Collecting data with Trackers and Webhooks

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  4. Trackers – collecting data from your own applications
  5. Ruby Tracker
  6. Adding extra data

Adding extra data

You can configure the a tracker instance with additional information about your application’s environment or current user. This data will be attached to every event the tracker fires regarding the subject.

There are two ways to call methods from this tracker:

  • Call them on a Subject instance. They will update the data associated with that subject and return the subject.
  • Call them on the Tracker instance. They will update the data associated with the currently active subject for that tracker and return the tracker.

For example:

s0 = SnowplowTracker::Subject.new emitter = SnowplowTracker::Emitter.new("d3rkrsqld9gmqf.cloudfront.net") my_tracker = SnowplowTracker::Tracker.new(emitter, s0) # The following two lines are equivalent, except that the first returns s0 and the second returns my_tracker s0.set_platform('mob') my_tracker.set_platform('mob')
Code language: PHP (php)

If you are using multiple subjects, you can use the set_subject tracker method to change which Subject instance is active:

s0 = SnowplowTracker::Subject.new emitter = SnowplowTracker::Emitter.new("d3rkrsqld9gmqf.cloudfront.net") my_tracker = SnowplowTracker::Tracker.new(emitter, s0) # Set the viewport for the active subject, s0 my_tracker.set_viewport(300, 500) # The data associated with s0 will be sent with this event my_tracker.track_screen_view('title page') # Create a new subject s1 = SnowplowTracker::Subject.new # Make s1 the active subject and set its viewport my_tracker.set_subject(s1).set_viewport(600,1000) # The data associated with s0 will be sent with this event my_tracker.track_screen_view('another page') # Change the subject back to s0 and track another event my_tracker.set_subject(s0).track_screen_view('final page')
Code language: PHP (php)

Set the tracker’s platform with set_platform

The platform can be any one of 'pc''tv''mob''cnsl', or 'iot'. The default platform is 'srv'.

tracker.set_platform('mob')
Code language: JavaScript (javascript)

Set the user ID with set_user_id

You can make the user ID a string of your choice:

tracker.set_user_id('user-000563456')
Code language: JavaScript (javascript)

Set the screen resolution with set_screen_resolution

If your Ruby code has access to the device’s screen resolution, you can pass it into Snowplow. Both numbers should be positive integers; note the order is width followed by height. Example:

tracker.set_screen_resolution(1366, 768)
Code language: CSS (css)

Set the viewport dimensions with set_viewport

Similarly, you can pass the viewport dimensions into Snowplow. Again, both numbers should be positive integers and the order is width followed by height. Example:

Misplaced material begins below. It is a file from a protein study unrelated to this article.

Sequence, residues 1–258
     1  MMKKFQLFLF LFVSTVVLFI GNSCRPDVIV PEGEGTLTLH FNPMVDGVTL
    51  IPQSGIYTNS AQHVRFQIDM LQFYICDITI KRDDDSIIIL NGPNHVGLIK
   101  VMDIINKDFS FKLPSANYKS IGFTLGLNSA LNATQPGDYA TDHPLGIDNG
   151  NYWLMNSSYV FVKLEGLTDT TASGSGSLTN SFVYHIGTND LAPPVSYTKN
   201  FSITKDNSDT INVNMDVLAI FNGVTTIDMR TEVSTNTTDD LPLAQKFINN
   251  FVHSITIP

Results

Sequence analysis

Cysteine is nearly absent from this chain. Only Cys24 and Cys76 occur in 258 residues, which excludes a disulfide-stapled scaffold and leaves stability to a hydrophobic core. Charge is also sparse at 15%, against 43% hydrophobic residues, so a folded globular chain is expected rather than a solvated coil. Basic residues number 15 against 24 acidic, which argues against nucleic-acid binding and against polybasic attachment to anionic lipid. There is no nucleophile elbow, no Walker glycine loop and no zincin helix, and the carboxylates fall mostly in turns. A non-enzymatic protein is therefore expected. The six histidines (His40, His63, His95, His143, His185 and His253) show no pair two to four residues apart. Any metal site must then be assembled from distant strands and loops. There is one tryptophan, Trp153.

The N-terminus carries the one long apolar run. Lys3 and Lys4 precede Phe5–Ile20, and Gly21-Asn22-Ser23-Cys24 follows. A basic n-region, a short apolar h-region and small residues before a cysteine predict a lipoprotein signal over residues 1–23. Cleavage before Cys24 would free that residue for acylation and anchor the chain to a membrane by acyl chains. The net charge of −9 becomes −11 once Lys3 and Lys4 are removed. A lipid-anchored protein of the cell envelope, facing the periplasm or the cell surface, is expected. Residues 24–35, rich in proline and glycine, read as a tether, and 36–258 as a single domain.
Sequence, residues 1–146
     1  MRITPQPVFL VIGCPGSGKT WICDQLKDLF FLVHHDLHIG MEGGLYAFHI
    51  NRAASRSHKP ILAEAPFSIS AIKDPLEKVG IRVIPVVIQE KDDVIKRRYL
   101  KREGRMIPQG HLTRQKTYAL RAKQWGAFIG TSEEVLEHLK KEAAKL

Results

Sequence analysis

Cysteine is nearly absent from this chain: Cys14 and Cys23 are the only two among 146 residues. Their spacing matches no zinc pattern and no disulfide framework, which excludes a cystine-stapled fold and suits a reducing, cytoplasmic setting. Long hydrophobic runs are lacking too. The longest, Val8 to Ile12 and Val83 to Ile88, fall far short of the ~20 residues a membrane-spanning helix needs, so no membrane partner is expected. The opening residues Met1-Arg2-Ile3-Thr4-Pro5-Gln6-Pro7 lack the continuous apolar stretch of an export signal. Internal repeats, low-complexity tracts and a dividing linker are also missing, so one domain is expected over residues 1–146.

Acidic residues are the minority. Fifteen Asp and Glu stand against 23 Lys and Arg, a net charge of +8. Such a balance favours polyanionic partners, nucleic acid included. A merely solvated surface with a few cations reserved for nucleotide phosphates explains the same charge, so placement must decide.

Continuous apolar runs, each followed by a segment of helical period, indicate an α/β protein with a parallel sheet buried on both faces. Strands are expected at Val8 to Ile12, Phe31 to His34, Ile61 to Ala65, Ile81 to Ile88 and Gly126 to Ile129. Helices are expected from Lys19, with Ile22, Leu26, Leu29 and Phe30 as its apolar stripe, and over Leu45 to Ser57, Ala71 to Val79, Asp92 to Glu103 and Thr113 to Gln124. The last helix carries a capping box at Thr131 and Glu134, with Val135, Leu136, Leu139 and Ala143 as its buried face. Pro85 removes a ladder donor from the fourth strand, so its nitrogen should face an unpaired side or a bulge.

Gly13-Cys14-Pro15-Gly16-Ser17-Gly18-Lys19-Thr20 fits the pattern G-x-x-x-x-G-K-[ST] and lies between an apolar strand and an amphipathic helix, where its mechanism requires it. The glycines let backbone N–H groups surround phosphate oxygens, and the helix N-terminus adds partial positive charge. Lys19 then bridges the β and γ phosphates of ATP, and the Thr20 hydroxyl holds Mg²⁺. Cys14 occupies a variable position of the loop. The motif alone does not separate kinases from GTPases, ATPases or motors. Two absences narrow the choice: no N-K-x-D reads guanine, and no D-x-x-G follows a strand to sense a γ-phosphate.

tracker.set_viewport(300, 200)
Code language: CSS (css)

Set the color depth with set_color_depth

If your Ruby code has access to the bit depth of the device’s color palette for displaying images, you can pass it into Snowplow. The number should be a positive integer, in bits per pixel.

tracker.set_color_depth(24)
Code language: CSS (css)

Setting the timezone with set_timezone

If your Ruby code has access to the timezone of the device, you can pass it into Snowplow:

tracker.set_timezone('Europe London')
Code language: JavaScript (javascript)

Setting the language with set_lang

You can set the language field like this:

tracker.set_lang('en')
Code language: JavaScript (javascript)

Setting the IP address with set_ip_address

If you have access to the user’s IP address, you can set it like this:

tracker.set_ip_address('34.633.11.139')
Code language: JavaScript (javascript)

Setting the useragent with set_useragent

If you have access to the user’s useragent (sometimes called “browser string”), you can set it like this:

tracker.set_useragent('Mozilla/5.0 (Windows NT 5.1; rv:23.0) Gecko/20100101 Firefox/23.0')
Code language: JavaScript (javascript)

Setting the domain user ID with set_domain_user_id

The domain_userid field of the Snowplow event model corresponds to the ID stored in the first party cookie set by the Snowplow JavaScript Tracker. If you want to match up server-side events with client-side events, you can set the domain user ID for server-side events like this:

tracker.set_domain_user_id('c7aadf5c60a5dff9')
Code language: JavaScript (javascript)

You can extract the domain user ID from the Ruby on Rails cookies object like this:

def snowplow_cookie cookies.find { |(key, value)| key =~ /^_sp_id/ }.last end def domain_user_id if snowplow_cookie.present? snowplow_cookie.split('.').first end end
Code language: JavaScript (javascript)

The first argument is the cookies object (see the documentation).

If you used the “cookieName” configuration option of the Snowplow JavaScript Tracker, replace “sp” with the same string you passed as the cookieName.

Setting the network user ID with set_network_user_id

The network_user_id field of the Snowplow event model corresponds to the ID stored in the third party cookie set by the Snowplow Clojure Collector. You can set the network user ID for server-side events like this:

tracker.set_network_user_id('ecdff4d0-9175-40ac-a8bb-325c49733607')
Code language: JavaScript (javascript)

Setting the user fingerprint with set_fingerprint

The JavaScript Tracker generates a fingerprint based on browser features and attaches it to all client-side events. You can set the user fingerprint field for server-side events like this:

tracker.set_fingerprint(164502195)
Code language: CSS (css)

If you’d like to learn more about Snowplow Insights you can book a demo with our team, or if you’d prefer, you can try Snowplow technology for yourself quickly and easily.